Greens could wag the dog

Premier Christy Clark
Premier Christy Clark
John Horgan,  Leader BCNDP
John Horgan,
Leader BCNDP

The polls said it would be close, but after Clark’s Liberals and Horgan’s NDP swapped the lead a number of times on election night, it ended with the Liberals one seat short of the 44 seat majority at 43 seats and the NDP three seats short of the prize at 41. The winner in the contest appears to be the Green Party led by Andrew Weaver and his two colleagues who were successful in winning three seats and dramatically increasing their popular vote.

If nothing changes after the counting is all done it will be the Greens holding the balance of power in any minority government, the first in BC in sixty years. The question is, with whom?

Undoubtedly the wooing of Weaver has begun, and the Lt. Governor has, as custom dictates, invited Christy Clark to form a government, and govern, as long as it can maintain the confidence of the house.

At the moment, attention is focused on the outcome of the impact of the absentee ballots, particularly in that nine vote margin in Courtney-Comox that stands between a Liberal minority or majority government.

Absentee ballots: There are176,104 of them which won’t be tallied until May 24.  Here’s why: when you vote outside your riding (eligible voters can vote at any voting place in the province) the ballot has to be returned to your electoral district and counted in that contest. That takes time.  Absentee votes seldom change results, but a nine vote margin may be another matter.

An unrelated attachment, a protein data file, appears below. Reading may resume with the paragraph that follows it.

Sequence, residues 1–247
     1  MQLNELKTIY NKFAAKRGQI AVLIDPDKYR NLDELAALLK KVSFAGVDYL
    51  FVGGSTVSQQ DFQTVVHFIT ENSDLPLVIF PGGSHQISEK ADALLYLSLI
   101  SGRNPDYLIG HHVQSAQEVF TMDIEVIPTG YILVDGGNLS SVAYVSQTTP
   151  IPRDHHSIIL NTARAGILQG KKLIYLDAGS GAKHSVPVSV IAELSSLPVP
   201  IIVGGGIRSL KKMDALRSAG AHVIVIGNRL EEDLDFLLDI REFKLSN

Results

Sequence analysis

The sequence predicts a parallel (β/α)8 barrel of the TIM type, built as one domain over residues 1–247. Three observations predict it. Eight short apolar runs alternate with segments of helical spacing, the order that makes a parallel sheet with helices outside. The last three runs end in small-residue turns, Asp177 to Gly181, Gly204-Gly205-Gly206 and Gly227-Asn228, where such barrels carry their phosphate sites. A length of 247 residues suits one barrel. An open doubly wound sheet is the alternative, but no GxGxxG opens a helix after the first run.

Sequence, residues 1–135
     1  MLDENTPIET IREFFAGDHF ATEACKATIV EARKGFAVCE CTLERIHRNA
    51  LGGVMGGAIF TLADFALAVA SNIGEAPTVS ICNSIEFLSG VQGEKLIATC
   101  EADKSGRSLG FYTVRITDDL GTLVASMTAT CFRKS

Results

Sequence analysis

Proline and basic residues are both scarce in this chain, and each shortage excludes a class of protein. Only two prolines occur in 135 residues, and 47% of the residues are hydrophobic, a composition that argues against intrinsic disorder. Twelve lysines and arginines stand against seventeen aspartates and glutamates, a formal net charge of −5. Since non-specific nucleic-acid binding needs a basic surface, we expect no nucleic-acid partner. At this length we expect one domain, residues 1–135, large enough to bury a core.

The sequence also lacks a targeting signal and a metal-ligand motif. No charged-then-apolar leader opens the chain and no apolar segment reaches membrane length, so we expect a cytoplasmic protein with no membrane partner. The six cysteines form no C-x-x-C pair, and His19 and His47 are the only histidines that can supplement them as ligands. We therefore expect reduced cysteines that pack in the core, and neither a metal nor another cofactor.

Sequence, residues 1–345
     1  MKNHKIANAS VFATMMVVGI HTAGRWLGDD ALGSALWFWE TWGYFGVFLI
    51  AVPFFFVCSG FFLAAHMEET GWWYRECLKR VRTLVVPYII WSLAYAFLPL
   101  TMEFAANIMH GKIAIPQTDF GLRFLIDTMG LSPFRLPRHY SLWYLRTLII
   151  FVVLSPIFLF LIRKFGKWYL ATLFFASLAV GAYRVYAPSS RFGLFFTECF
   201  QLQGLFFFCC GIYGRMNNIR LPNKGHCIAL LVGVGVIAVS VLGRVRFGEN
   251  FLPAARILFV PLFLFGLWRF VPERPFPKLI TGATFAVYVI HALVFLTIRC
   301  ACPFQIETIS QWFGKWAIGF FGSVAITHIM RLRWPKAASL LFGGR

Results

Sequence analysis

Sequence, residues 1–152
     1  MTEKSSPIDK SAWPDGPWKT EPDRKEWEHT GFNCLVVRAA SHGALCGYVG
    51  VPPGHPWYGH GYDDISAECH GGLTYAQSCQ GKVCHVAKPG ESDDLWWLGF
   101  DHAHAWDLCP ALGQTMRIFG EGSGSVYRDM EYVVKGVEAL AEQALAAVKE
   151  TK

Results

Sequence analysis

Andrew Weaver, Leader Green Party
Andrew Weaver,
Leader Green Party

Courtney-Comox: When the counting was done on Tuesday evening NDP candidate, Ronna-Rae Leonard, was just nine votes ahead of B.C. Liberal Jim Benninger. In this case absentee ballots could make a difference. Some estimates put the number as high as 1500, as members of the armed forces, stationed at CFB Comox, may not have been able to vote on May 9. The fact that the Liberal Candidate, Benninger, is a retired base commander of CFB Comox may be a factor in the importance of this count.

In ridings where the result was very close a judicial recount could be either automatic or sought. A judicial recount is automatic if the difference between the top two candidates is less than 1/500 or .2% of the total ballots considered. 

Judicial Recounts: Absentee ballots could also reduce the tight margin of victory in several other ridings, allowing second-place candidates to request a judicial recount. The parties can request an additional review starting May 31, but it must be approved by the Supreme Court.

It could be the second week of June before a final result is determined.

Only three judicial recounts have been conducted in B.C., and none has overturned the original election results. Still, with so much at stake, it wouldn’t be surprising for the parties to pursue these recounts given the closeness of the overall race.

At the End of the Day:  Reports put the voter turnout at around 60%, which sustained the NDP vote and boosted the vote for the Green Party.  The Liberals lost most of the swing ridings with some significant losses; Suzanne Anton, Attorney General, who won her riding by a hair last time; Translink and Sport & Culture Minister, Peter Fassbender who defeated Jagrup Brar last time, lost to Brar this time; Amrik Virk Technology & Innovation Minister lost to former cop colleague Gary Beck, Naomi Yamamoto, Minister of State for Emergency Preparedness, lost after two terms; and Delta North’s Scott Hamilton saw his riding return to the NDP fold.

Generally speaking, the interior of BC belongs to the Liberals, the NDP own the coast, Lower Mainland and Vancouver Island, but the real winners are the Greens.